The Big Short Review

Most of us have given up on understanding what caused the 2008 financial crisis. We know it had something to do with subprime loans, credit default swaps, and a faulty mortgage market. We’ve also gathered that the banks were to blame along with other large financial institutions, and that the taxpayer has largely borne the brunt of the cost. Adapted from Michael Lewis’ best-selling book, The Big Short aims to set the record straight. Through the stories of a handful of men (all men) who saw the crisis coming and bet on it, writer-director Adam McKay vividly exposes the flaws of the industry and makes a searing indictment of some of the financial sector’s big players.

Narrated by Ryan Gosling, who plays cocky banker Jared Vennett, the story centres on three groups. Michael Bury (Christian Bale), a hedge fund director and awkward financial genius with a glass eye, is the first to spot the problem with the mortgage market. Through hearsay Vennett himself picks up on the idea, which he pitches to fund director Mark Baum (Steve Carell) and his team. Independently, young investors Charlie Geller (John Magaro) and Jamie Shipley (Finn Wittrock) get wind of Vennett’s plan and decide to investigate, enlisting the help of their friend Ben Rickert (Brad Pitt). All three groups end up betting against the market – a practice known as ‘shorting’ – to the derision of everyone they encounter.

Despite its star-studded cast, The Big Short is in fact cut and designed to be much like a documentary. McKay establishes this in the first twenty minutes of the film, with the camera shifting and zooming in and out as it might in a homemade video. The image is grainy throughout, matching the montages of real footage regularly inserted into the film to mark the passage of time. McKay uses a brilliant device to explain boring financial concepts to the audience: ‘the celebrity aside’. The director ropes in famous faces from all walks of life to explain financial instruments through clever metaphors. The surprise and inherent humour in the gimmick does indeed make audiences much more likely to listen to what would otherwise be complex jargon.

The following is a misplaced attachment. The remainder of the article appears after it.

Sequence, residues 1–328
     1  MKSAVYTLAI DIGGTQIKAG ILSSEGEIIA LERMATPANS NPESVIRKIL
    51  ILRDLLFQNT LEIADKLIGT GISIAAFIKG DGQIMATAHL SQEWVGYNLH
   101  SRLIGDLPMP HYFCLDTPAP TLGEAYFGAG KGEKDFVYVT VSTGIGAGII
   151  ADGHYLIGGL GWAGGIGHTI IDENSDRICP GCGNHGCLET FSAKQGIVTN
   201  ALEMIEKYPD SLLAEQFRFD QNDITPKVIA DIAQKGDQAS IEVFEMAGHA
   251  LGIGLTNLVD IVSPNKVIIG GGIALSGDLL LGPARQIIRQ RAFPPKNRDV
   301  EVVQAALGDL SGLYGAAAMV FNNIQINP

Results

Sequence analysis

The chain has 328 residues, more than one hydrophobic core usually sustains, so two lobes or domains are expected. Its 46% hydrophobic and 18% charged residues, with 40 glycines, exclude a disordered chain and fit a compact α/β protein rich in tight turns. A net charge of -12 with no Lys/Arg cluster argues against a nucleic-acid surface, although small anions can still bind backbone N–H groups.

The film’s editing is at complete odds with its documentary angle – short, mad cuts and hyperactive montages – yet the contrast works brilliantly. While the narrator painstakingly (and hilariously) goes through the details of the story, the edits conveys the banking sector’s heart-pumping pace.

Gosling renders the ego-driven, but self-aware Vennett with gusto, with matching colourful language. His far-fetched metaphorical insults are a delight to the ear. The rest of the cast match his performance in kind. Much like in Foxcatcher, Carell is unrecognisable as Mark Baum, an obsessive, pushy man burdened by grief. These two roles mark a more mature phase in his career, allowing him to showcase a wider emotional range. Bale is also striking as the socially inept Bury, comic and heart-wrenching in his complete bafflement at the behaviour of his peers.

McKay’s script builds an underdog dynamic which, while well adapted to big-screen stories, appears a little too convenient to be genuine. This is the film’s only real flaw, made all the more confusing by its documentary style and narration, which repeatedly insists that things happened as they are shown. Is this just a device? Certain scenes accentuate this overdramatic tendency: at the film’s climax, for instance, Baum makes a moralising speech to a smug investor before a large audience. And while each of the lead characters are all loosely sympathetic, their naysayers are made out to be morally repulsive. What would the story look like from another perspective? The film might have been strengthened by including one of these into its narrative.

Despite all its exuberance, The Big Short ends on a sober note. It’s made clear that not much has changed in the world of finance since the crisis. The film closes with one of the characters predicting that immigrants and the poor, not financiers, will suffer because of economic troubles. Years later, it’s difficult to disagree.


Entertaining and laugh-out-loud funny, The Big Short is nonetheless a serious indictment of the big players in the financial sector.


out of 10

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